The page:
Two hundred and thirty objects, many of which have never been shown in the United States, form a major international exhibition in the Tisch Galleries at the Metropolitan Museum of Art, New York.
The exhibition covers the Middle Kingdom (mid-Dynasty 11–Dynasty 13, around 2030–1650 B.C.). In addition to the Met’s own holdings 37 museums and collections have contributed works to the exhibition. The objects displayed range in size from monumental stone sculptures to delicate examples of jewelry.
Exhibits are arranged thematically and chronologically displaying “The astonishing continuity of ancient Egyptian culture, with certain basic principles lasting for thousands of years” said Adela Oppenheim, Curator of Egyptian Art. This “gives the impression of changelessness, but the works of art in the exhibition will show that ancient Egypt constantly evolved, and was remarkably flexible within a consistent framework. New ideas did not simply replace earlier notions; they were added to what had come before, creating a fascinating society of ever-increasing complexity.”
Profound changes in the concept of kingship are demonstrated in the exhibition through a series of royal statues that span several hundred years. Early Middle Kingdom pharaohs are often depicted with youthful faces and confident expressions. In contrast, the evocative, fleshy faces and deep-set, hooded eyes of later kings present startling images of maturity and humanity.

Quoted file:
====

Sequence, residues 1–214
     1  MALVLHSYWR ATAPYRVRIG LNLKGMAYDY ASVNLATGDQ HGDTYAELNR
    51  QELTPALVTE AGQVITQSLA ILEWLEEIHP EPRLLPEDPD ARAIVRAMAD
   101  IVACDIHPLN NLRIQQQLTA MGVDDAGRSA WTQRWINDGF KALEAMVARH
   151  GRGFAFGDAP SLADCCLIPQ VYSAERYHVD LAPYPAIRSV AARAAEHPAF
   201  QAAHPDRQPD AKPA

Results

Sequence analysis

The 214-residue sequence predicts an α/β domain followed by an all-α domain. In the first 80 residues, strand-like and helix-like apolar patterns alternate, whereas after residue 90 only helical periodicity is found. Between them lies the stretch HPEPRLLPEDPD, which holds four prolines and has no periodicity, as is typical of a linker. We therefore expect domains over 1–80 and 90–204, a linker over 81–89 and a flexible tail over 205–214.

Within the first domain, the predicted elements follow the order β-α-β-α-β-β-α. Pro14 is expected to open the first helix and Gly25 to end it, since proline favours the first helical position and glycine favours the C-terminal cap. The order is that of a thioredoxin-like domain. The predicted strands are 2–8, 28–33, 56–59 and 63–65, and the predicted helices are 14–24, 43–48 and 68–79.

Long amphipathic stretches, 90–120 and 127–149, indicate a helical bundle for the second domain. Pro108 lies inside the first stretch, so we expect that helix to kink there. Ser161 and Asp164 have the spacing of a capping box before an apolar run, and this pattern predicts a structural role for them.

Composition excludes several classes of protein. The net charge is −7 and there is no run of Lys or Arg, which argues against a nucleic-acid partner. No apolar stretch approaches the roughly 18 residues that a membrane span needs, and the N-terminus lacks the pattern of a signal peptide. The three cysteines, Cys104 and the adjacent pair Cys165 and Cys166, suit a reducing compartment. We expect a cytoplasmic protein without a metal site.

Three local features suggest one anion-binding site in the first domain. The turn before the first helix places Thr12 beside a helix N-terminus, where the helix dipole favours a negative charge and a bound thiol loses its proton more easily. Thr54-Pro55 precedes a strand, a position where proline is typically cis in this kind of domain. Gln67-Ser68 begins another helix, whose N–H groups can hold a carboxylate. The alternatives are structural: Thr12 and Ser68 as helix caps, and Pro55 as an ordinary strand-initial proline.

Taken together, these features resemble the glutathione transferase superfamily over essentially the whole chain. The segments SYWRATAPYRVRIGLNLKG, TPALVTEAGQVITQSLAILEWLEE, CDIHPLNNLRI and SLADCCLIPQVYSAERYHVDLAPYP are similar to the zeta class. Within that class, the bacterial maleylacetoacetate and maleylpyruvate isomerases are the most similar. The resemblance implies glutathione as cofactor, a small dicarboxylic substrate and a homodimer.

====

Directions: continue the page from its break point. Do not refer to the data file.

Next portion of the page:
The exhibition is made possible by Dorothy and Lewis B. Cullman.
Image 1: Relief with Senwosret I Running toward Min (detail), Dynasty 12, reign of Senwosret I (ca. 1961-1917 B.C.). Petrie Museum of Egyptian Archaeology, London (UC14786)
Image 2: Colossal Statue of a Pharaoh. Egyptian, Middle Kingdom, Dynasty 12, reign of Amenemhat II ca. 1919–1885 B. C. Granodiorite. Ägyptisches Museum und Papyrussammlung, Staatliche Museen, Berlin
Image 3: Head of a Statue of Amenemhat III Wearing the White Crown. Greywacke. Egyptian, Middle Kingdom, Dynasty 12, reign of Amenemhat III, ca. 1859–1813 B.C. Ny Carlsberg Glyptotek, Copenhagen
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